Although he was wooed by Division II Lewis University and Division III Augustana College, he said held on for a D-I offer:
“I decided to bet on myself. I thought I could play Division I…I knew I could. Some people might look at it that I rolled the dice, but I wouldn’t say that. I was pretty confident. I’ve always believed in myself. I just needed someone to give me a chance.”
His son’s determination didn’t surprise Alan either: “He’s always had a little chip on his shoulder because people told him he was too small.”
In the final month of his high school career, Cole got offers from Furman and Maryland-Baltimore County. He held on longer and a few days after his prep season ended, South Dakota State made the offer.
After redshirting that first year, he planned to stay at the school when Nagy and his staff left.
“But when they switched to a 1-3-1 zone, it just didn’t fit him,” Alan said. “Same with the offense they ran. Nagy and Cooley had liked him because the offense he ran in high school was similar to what they ran.
“We (Alan and wife Patricia) talked to him about looking at another opportunity and his high school coaches did, too. And then Wright State had an opening.”
It meant he’d have to sit out another season’s worth of games, but Cole said he tried to keep a positive outlook:
“It wasn’t like, ‘Oh no, you got to sit out all these games…again!’ I figured there’s two ways you can approach it. You can sit and watch or sit out and get better. I chose the second one and me and the assistant coaches did a good job of staying in the gym.
“What really inspired me was Grant (Benzinger) and the way he works really hard on his game. It makes everybody else work harder, too.”
Joining the team
When he was finally allowed to play, he wondered how he would be accepted by the other Raiders:
“I thought it might be a little weird,” he said. “It could have been ‘Look, we’ve got our team. We don’t need another guy.’ But they were really inclusive. They brought me in and now I love being around them. All the credit goes to them.”
Gentry has now played in nine games and started four.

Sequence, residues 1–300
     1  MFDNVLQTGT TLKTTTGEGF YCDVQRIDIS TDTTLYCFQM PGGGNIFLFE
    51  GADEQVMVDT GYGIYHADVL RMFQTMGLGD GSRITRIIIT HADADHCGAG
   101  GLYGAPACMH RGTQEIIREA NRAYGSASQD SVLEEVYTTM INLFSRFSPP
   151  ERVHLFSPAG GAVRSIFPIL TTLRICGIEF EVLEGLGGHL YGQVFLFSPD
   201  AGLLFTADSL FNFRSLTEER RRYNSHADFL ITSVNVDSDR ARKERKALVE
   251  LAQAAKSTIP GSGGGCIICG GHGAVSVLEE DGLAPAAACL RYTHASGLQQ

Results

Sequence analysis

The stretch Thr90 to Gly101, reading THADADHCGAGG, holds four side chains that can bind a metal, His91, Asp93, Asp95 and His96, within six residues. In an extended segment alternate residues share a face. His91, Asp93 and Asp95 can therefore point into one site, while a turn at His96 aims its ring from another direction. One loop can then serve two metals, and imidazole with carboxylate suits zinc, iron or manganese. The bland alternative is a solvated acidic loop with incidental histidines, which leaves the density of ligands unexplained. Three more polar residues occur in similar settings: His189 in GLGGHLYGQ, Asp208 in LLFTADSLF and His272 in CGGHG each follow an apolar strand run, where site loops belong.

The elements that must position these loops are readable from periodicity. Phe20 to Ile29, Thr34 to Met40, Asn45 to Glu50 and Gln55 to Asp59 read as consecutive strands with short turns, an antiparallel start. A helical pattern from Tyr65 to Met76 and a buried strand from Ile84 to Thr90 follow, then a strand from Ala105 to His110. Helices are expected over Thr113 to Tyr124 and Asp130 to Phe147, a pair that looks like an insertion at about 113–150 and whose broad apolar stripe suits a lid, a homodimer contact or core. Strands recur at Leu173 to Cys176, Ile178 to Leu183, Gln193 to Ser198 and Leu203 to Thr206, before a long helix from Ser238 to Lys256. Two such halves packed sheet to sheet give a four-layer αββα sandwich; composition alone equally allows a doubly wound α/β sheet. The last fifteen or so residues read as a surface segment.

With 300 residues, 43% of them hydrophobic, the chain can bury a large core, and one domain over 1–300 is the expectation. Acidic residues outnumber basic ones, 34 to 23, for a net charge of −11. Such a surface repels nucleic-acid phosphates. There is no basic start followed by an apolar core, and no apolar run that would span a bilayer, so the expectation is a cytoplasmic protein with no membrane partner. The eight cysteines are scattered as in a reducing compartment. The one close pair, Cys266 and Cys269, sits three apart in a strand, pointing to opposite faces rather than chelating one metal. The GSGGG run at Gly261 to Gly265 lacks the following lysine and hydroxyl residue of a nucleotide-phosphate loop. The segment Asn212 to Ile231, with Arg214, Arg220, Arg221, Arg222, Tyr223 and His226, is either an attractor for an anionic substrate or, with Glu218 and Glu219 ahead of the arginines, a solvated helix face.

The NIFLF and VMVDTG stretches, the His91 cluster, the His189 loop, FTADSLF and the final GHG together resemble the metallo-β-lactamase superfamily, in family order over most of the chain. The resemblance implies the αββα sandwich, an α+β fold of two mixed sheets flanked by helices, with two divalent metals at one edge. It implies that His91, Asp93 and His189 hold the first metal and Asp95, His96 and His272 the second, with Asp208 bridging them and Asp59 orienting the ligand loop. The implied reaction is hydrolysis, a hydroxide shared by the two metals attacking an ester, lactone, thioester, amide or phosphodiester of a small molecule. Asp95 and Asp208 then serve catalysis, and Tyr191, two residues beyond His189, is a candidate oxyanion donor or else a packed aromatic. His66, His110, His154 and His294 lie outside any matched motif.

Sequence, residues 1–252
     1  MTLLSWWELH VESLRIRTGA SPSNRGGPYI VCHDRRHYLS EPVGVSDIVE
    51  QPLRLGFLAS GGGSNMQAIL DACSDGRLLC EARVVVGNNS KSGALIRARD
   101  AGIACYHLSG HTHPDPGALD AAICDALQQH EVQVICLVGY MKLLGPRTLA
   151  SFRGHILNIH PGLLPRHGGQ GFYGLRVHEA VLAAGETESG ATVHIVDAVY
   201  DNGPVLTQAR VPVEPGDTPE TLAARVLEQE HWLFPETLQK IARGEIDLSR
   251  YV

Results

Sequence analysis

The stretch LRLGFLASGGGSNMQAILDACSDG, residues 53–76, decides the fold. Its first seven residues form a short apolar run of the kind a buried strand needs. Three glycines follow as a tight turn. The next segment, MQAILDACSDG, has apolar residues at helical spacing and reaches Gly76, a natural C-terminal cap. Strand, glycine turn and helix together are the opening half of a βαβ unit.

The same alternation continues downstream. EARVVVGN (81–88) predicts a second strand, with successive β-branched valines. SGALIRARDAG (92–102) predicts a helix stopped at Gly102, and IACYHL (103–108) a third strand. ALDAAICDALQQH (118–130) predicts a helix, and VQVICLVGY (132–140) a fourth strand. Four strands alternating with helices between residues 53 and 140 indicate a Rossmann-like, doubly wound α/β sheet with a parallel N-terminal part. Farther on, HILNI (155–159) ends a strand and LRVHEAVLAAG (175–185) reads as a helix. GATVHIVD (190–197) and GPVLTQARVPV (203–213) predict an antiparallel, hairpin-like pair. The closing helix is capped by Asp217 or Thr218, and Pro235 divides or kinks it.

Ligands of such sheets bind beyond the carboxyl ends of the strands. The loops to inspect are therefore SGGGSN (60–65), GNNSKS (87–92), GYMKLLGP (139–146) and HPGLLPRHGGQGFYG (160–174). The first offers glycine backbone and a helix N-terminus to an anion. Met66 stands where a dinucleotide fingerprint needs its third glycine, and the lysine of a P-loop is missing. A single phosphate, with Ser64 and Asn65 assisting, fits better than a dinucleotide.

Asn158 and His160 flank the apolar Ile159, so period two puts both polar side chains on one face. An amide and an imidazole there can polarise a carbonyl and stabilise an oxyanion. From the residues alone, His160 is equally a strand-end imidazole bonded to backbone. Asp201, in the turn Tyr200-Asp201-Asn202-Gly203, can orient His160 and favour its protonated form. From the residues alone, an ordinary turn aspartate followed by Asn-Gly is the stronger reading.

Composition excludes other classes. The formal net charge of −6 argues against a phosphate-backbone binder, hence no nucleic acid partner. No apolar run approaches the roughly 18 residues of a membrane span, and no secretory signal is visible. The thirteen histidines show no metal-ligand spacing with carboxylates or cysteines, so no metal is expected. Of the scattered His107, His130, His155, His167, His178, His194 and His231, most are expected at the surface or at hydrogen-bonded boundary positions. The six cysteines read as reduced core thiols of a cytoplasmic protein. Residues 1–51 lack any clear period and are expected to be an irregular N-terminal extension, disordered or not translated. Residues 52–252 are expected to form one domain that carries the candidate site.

The adjustment appears mostly seamless, although you couldn’t help but notice Justin Mitchell – who started at point guard last season and in the early games this year – sitting in the stands behind the bench Monday. It was his second straight game out of uniform.
He was suspended for one game earlier this season, in part because he had some trouble adjusting to his new role.
And now he’s said to be out for “personal reasons.”
He is a valuable component to this team – last season he was second in the league in rebounds, fifth in assists, eighth in field goal percentage and 21st in scoring – but even without him WSU showed itself to be a good team down the stretch against the Penguins.
With the Raiders trailing by three at the half, Gentry said the players talked amongst themselves before the coaches entered the dressing room:
“We knew we were getting out-toughed a little bit. They were rebounding and making threes in our face. We weren’t guarding hard enough. We knew what we had to do.”
And midway through the second half the Raiders made a string of defensive stops in a row and turned a six-point deficit into a 10-point lead.
Five players finished in double figures.
“The thing about us now is that we really believe we should win each game,” Gentry said. “We expect to make the plays. We know what we are capable of doing.”
He has brought that trait with him:
You bet on yourself.